Possibly the most grandiose-looking among the four distinct swimming techniques, the fly stroke is also (by far) the most challenging to conquer. “It’s a rather extraordinary motion. Additionally, it engages virtually every muscle in your body,” elucidates Russell. The outcome: a swimming style that’s not only remarkably sophisticated, but utterly draining, even for professional swimmers.
Given the complexity of the fly stroke, Russell suggests mastering the other three strokes first before attempting it. However, once you reach that point, the average individual can burn approximately 900 calories per hour executing this demanding movement. “It truly elevates your heart rate,” affirms Russell. (See also: 10 Perks of Swimming That Will Have You Plunging Into the Pool)
How to perform the fly stroke:
A. The butterfly stroke, which is executed while in a horizontal prone position, entails an undulating motion resembling a wave, with the chest and then the hips continuously rising and falling.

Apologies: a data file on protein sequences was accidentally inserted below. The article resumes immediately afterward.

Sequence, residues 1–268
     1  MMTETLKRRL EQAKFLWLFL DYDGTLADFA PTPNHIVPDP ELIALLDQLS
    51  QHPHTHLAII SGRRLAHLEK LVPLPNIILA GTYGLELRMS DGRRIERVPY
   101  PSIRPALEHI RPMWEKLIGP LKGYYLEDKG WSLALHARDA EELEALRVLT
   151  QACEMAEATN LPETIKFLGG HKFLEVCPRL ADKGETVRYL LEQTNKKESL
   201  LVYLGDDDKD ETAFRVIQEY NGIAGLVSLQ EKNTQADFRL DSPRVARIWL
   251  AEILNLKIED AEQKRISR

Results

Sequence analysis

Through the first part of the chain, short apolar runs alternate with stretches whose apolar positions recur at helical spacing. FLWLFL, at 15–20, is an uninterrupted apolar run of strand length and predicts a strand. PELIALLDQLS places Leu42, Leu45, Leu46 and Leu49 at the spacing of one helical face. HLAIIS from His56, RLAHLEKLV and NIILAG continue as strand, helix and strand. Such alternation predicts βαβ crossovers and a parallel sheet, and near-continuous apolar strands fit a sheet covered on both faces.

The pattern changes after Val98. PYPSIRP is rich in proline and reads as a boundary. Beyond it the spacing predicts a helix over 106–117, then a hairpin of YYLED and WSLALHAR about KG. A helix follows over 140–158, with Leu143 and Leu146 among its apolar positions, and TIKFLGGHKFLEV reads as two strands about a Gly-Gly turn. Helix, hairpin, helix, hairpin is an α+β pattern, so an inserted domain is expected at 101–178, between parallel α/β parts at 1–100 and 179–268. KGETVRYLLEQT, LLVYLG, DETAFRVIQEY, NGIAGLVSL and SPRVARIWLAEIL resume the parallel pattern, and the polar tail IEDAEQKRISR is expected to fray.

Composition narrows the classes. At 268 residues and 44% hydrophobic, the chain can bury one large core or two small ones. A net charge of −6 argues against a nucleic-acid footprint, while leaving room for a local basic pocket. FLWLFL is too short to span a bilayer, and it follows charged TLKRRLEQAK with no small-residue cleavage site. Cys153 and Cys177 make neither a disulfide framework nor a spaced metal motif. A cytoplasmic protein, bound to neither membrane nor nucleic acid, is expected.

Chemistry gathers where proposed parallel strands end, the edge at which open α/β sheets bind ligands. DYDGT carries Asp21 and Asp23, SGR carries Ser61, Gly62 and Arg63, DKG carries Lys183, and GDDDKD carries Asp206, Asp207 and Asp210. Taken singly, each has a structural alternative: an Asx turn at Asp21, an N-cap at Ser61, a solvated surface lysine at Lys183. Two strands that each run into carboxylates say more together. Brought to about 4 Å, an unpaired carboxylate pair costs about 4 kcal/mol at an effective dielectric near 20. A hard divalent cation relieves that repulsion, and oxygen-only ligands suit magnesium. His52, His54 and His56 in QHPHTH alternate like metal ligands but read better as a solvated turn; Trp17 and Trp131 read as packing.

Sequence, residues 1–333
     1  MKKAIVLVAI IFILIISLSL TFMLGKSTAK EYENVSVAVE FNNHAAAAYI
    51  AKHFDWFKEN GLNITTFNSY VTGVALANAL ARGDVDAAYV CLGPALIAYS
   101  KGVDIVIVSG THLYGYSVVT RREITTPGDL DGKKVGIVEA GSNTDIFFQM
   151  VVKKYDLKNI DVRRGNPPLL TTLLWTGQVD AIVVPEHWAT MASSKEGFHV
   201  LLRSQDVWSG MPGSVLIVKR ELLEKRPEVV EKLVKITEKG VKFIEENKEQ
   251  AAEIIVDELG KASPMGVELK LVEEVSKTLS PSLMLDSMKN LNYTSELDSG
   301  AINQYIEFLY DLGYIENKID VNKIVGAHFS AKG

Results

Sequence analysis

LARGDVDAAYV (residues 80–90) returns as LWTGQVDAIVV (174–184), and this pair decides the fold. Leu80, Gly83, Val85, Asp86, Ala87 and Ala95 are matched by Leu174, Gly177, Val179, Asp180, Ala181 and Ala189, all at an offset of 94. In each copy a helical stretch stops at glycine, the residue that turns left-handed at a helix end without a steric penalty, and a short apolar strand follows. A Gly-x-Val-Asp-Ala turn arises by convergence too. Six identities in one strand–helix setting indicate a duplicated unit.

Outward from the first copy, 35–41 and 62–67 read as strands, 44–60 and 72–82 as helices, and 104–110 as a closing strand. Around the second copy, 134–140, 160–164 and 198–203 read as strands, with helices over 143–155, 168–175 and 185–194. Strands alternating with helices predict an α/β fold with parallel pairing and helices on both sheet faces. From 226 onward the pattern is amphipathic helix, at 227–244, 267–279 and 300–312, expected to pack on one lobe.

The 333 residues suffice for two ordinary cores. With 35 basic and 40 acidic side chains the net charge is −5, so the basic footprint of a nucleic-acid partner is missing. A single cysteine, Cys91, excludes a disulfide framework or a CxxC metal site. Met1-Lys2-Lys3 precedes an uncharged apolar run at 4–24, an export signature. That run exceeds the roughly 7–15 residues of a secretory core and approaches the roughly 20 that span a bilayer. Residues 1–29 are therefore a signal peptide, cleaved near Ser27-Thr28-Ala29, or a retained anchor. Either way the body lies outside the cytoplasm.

B. Begin in a streamlined position beneath the surface. From there, the hands assume an hourglass shape beneath the water as they pull towards the hips, then emerge from the water and recover to the extended position by circling forward just above the water’s surface.
C. Meanwhile, the legs execute a “dolphin” kick, where the legs and feet remain together and push up and down, with the toes pointed. (Imagine a mermaid tail.)
D. In the butterfly stroke, breathe when necessary by lifting the head out of the water while the arms are recovering above the water’s surface.
“When teaching the butterfly stroke, I break it down into three segments,” Russell states. First, practice the general movement pattern of alternately raising and lowering your chest and hips, just to get a feel for the rhythm. Then, focus on mastering the dolphin kick. Once you have that mastered, concentrate on the arm movement alone before finally putting it all together. (Next up: How to Safely Embark on Open-Water Swimming)
Muscles engaged during the butterfly stroke: literally each and every one of them (particularly the core, lumbar region, and calf muscles)